(Reuters) - A bomb exploded in front of the Spanish embassy in the Libyan capital late on Monday, residents said, the latest in a string of attacks on foreign missions in the North African country.
"We heard a loud explosion," said a Tripoli resident living next to the embassy.
Spain's El Mundo newspaper said nobody had been hurt as Spain, like most Western and Arab countries, had pulled out its diplomats in summer during weeks of heavy fighting between rival armed groups in Tripoli.
Pictures posted on social media showed some damage at the building's wall. There was no immediate claim for the attack or comments from Tripoli officials.
Militants loyal to Islamic State have claimed a string of killings of foreigners as well as attacks on embassies and oilfields in Libya.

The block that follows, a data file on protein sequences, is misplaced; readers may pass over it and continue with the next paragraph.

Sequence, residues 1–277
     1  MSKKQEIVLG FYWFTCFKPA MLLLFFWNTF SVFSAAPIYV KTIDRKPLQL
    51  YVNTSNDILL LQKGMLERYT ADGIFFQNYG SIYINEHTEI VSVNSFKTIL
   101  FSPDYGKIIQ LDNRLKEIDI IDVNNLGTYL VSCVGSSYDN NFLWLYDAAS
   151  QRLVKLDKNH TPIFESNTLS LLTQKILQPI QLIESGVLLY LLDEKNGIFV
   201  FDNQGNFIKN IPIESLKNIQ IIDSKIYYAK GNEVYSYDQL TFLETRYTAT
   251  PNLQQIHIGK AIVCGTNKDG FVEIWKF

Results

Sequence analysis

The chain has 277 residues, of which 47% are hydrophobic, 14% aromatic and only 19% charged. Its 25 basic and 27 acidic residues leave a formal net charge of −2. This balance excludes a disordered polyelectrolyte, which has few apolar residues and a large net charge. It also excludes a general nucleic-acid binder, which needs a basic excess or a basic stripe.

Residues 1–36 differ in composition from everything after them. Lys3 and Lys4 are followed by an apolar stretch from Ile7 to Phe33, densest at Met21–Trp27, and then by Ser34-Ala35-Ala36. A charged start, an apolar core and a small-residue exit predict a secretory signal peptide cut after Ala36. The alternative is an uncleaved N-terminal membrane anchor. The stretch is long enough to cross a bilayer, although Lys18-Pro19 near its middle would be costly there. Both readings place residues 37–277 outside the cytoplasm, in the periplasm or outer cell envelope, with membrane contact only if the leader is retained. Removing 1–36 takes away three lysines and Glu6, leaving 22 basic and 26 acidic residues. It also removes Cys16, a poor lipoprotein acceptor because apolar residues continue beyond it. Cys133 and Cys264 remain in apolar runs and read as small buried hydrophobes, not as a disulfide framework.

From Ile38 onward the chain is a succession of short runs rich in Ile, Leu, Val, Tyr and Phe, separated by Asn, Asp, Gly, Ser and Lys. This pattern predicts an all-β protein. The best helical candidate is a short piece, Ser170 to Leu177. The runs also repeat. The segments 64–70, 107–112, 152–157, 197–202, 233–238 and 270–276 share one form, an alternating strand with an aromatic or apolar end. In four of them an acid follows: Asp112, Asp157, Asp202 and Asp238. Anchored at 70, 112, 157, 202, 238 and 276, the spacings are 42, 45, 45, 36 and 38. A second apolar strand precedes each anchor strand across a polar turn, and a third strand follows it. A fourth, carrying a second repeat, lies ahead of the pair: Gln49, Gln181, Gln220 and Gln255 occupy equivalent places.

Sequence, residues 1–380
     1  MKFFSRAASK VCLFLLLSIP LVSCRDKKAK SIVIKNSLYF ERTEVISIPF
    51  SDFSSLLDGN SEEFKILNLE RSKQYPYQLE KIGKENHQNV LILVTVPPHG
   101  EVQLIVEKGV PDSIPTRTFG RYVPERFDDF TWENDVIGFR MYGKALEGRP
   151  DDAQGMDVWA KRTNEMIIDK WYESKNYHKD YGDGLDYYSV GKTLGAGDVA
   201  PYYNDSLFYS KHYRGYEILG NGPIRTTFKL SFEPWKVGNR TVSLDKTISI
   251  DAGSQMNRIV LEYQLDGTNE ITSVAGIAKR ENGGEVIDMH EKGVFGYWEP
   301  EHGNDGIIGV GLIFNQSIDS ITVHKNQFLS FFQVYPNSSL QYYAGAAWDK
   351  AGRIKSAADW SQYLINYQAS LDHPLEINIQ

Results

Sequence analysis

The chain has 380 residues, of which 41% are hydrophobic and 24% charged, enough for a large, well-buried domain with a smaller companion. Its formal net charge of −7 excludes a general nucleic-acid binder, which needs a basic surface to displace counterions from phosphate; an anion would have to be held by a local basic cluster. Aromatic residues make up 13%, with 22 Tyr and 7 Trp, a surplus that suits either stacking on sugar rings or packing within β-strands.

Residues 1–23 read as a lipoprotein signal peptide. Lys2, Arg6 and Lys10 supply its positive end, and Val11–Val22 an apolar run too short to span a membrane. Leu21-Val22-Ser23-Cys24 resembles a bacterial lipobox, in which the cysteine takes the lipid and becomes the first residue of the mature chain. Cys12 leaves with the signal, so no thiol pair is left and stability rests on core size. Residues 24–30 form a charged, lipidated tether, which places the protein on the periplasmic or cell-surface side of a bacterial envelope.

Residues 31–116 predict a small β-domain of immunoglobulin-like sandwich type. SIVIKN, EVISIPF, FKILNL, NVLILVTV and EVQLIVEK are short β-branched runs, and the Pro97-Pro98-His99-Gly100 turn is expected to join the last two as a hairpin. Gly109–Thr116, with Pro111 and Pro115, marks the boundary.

Islamic State militants have exploited chaos in the North African country where two governments allied to a host of armed groups are fighting for control four years after the ousting of Muammar Gaddafi.
On Sunday, the group claimed the killing of around 30 Ethiopan Christians, two months after the beheading of 21 Egyptian Copts on a Libyan beach.
Libya's internationally recognized government has been based in the east since a rival faction called Libya Dawn seized Tripoli in August, setting up a rival administration.